• About Farm School

    "There are obviously two educations. One should teach us how to make a living and the other how to live."
    James Adams, from his essay "To 'Be' or to 'Do': A Note on American Education", 1929

    We're a Canadian family of five, farming, home schooling, and building our own house. I'm nowhere near as regular a blogger as I used to be.

    The kids are 18/Grade 12, 16/Grade 11, and 14/Grade 10.

    Contact me at becky(dot)farmschool(at)gmail(dot)com

  • Notable Quotables

    "If you want a golden rule that will fit everybody, this is it: Have nothing in your houses that you do not know to be useful, or believe to be beautiful."
    William Morris, from his lecture "The Beauty of Life"

    "‘Never look at an ugly thing twice. It is fatally easy to get accustomed to corrupting influences."
    English architect CFA Voysey (1857-1941)

    "The world of books is the most remarkable creation of man. Nothing else that he builds ever lasts. Monuments fall, nations perish, civilizations grow old and die out; and, after an era of darkness, new races build others. But in the world of books are volumes that have seen this happen again and again, and yet live on, still young, still as fresh as the day they were written, still telling men’s hearts of the hearts of men centuries dead."
    Clarence Day

    "Anyone who has a library and a garden wants for nothing."
    Cicero

    "Histories make men wise; poets, witty; the mathematics, subtile; natural philosophy, deep; moral, grave; logic and rhetoric, able to contend."
    Sir Francis Bacon, "Essays"

    "The chief aim of education is to show you, after you make a livelihood, how to enjoy living; and you can live longest and best and most rewardingly by attaining and preserving the happiness of learning."
    Gilbert Highet, "The Immortal Profession: The Joys of Teaching and Learning"

    "Good judgment comes from experience. Experience comes from bad judgment."
    Walter Wriston

    "I'd like to give you a piece of my mind."
    "Oh, I couldn't take the last piece."
    Ginger Rogers to Frances Mercer in "Vivacious Lady" (1938)

    "No race can prosper till it learns that there is as much dignity in tilling a field as in writing a poem."
    Booker T. Washington

    "Please accept my resignation. I don’t care to belong to any club that will have me as a member."
    Attributed to Groucho Marx in "The Groucho Letters" by Arthur Sheekman

    "If you can't say something good about someone, sit right here by me."
    Alice Roosevelt Longworth

    "If we bring a little joy into your humdrum lives, we feel all our hard work ain't been in vain for nothin'."
    Jean Hagen as "Lina Lamont" in "Singin' in the Rain" (1952)
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Taking the chill off, with Gingerbread Upside-Down Cake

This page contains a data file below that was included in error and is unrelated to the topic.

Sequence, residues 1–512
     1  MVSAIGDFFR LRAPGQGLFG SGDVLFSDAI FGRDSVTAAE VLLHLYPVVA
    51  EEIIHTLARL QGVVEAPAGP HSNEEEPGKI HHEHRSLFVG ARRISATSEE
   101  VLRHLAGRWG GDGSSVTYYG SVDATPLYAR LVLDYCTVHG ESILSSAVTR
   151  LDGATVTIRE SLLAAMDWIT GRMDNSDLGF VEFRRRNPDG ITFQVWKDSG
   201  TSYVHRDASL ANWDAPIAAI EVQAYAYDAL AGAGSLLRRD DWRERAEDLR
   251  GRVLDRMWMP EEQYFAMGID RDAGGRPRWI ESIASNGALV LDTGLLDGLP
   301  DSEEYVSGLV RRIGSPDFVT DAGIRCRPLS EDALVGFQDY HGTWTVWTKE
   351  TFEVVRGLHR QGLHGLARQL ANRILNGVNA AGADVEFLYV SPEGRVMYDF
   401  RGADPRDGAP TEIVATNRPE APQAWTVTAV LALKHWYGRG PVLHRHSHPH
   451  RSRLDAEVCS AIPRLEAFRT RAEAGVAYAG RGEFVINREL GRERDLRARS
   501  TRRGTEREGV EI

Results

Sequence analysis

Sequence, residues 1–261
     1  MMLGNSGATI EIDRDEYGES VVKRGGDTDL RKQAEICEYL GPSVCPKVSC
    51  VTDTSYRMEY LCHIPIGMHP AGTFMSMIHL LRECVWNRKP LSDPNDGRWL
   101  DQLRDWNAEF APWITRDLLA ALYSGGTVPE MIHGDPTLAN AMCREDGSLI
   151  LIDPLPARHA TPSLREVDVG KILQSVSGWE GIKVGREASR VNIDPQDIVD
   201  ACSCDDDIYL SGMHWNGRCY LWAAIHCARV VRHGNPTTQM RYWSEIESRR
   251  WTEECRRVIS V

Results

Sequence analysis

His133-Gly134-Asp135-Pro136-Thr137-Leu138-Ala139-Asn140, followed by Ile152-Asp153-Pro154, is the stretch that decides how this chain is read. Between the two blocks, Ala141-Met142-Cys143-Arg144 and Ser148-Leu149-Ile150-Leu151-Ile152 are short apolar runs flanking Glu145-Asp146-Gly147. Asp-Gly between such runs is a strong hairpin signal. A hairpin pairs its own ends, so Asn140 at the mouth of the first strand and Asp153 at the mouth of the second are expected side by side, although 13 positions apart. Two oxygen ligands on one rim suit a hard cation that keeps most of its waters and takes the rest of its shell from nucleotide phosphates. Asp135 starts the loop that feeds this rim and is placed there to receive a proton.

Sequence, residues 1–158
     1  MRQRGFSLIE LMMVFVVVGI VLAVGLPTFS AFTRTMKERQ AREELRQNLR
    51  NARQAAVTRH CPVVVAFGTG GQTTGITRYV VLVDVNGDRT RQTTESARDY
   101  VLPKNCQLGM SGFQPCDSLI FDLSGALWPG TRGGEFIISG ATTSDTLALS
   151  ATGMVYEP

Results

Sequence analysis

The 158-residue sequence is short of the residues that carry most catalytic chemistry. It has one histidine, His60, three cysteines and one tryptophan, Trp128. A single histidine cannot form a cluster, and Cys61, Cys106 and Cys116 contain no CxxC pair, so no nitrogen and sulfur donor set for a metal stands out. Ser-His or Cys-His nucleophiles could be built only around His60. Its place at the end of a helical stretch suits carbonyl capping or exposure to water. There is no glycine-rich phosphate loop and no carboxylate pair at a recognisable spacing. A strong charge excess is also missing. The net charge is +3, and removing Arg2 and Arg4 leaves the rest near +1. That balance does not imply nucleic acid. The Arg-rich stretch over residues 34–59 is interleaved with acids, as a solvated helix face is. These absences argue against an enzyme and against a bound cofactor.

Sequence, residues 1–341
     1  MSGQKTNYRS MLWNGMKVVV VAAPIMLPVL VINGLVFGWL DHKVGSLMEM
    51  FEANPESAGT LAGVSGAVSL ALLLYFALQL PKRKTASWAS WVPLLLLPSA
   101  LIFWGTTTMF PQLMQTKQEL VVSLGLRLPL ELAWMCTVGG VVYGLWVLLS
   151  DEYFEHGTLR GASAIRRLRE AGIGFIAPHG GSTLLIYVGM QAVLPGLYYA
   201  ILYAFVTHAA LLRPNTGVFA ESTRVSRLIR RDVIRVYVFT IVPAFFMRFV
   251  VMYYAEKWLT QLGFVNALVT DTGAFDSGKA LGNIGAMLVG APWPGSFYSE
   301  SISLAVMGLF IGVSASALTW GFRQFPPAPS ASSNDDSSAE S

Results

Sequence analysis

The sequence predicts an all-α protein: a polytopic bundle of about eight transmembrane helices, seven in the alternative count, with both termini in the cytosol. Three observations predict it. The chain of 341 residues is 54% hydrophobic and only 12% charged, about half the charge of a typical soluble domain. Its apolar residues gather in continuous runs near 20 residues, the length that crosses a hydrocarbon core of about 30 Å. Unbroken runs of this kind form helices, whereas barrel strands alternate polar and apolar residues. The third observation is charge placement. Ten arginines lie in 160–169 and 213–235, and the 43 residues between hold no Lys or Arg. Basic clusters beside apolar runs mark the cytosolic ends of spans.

In need of some cheering up after that sad business about happy endings , I decided to make Gingerbread Upside-Down Cake with pears, from The Fannie Farmer Cookbook (13th edition). Very nice for fall, by the way, or to jazz up a simple autumn supper of venison sausages, creamed garden potatoes, garden tomato salad, and home-pressed cider.

Gingerbread Upside-Down Cake (makes one 8- or 9-inch cake, square or round)

12 tablespoons butter (unsalted)
1/3 cup dark brown sugar
3 ripe pears, peeled, cored, and sliced
1½ cups flour
2 tsp. baking powder
2 tsp. powdered ginger [I use 1 tsp. and also add 1 tsp. cinnamon and a pinch of allspice]
½ tsp. salt [I use just a pinch, and I omit it entirely if I’m using salted butter]
½ cup sugar
½ cup milk
1 egg, beaten

Preheat oven to 375 degrees F.

Melt 4 tablespoons of the butter in a small pan, add the brown sugar, and stir over low heat until blended. Pour into a square cake pan and arrange the pear slices in the pan; set aside.

Mix the flour, baking powder, ginger and any other spices, salt, and sugar in a bowl.

Melt the remaining 8 tbsp. (4 oz.) of butter in a small pan [I use the same small pan from before]. Remove from heat, add the milk and egg, and beat well.

Add to flour mixture and beat until smooth. Pour over the pears and bake for about 25 minutes, or until a toothpick/cake tester comes out clean.

Cool in the pan for about 10 minutes, then turn out onto a serving plate, fruit-side up. Serve with whipped cream [or vanilla ice cream, or a drizzle unwhipped heavy cream] if you wish.

There, I feel better already. Don’t you?

PS The above recipe is also very nice — especially if you’re a gingerbread purist who requires molasses in your gingerbread — if you substitute one of Laurie Colwin’s recipes, such as this one from Home Cooking, adapted from the Junior League of Charleston’s The Charleston Receipts (first published in 1950), though admittedly she likes her gingerbread more gingery than I do:

  • Cream one stick of sweet butter with ½ cup of light or dark brown sugar. Beat until fluffy and add ½ cup of molasses.
  • Beat in two eggs.
  • Add 1½ cups of flour, ½ tsp. of baking soda and one very generous tablespoon of ground ginger (this can be adjusted to taste, but I like it very gingery). Add one teaspoon of cinnamon, ¼ tsp. of ground cloves and ¼ tsp. of ground allspice.
  • Add two teaspoons of lemon brandy*. If you don’t have any, use plain vanilla extract. Lemon extract will not do. Then add ½ cup of buttermilk (or milk with a little yogurt beaten into it) and turn batter into a buttered tin [buttering not necessary if you make the upside-down cake version].
  • Bake at 350 degrees F for between 20-30 minutes (check after 20 minutes have passed). Test with a toothpick/cake tester, and cool on a rack.

* Lemon brandy: “a heavenly elixir easily homemade by taking the peel from two lemons, cutting very close to get mostly zest, beating up the peels to release the oils and steeping them in four ounces of decent brandy.”

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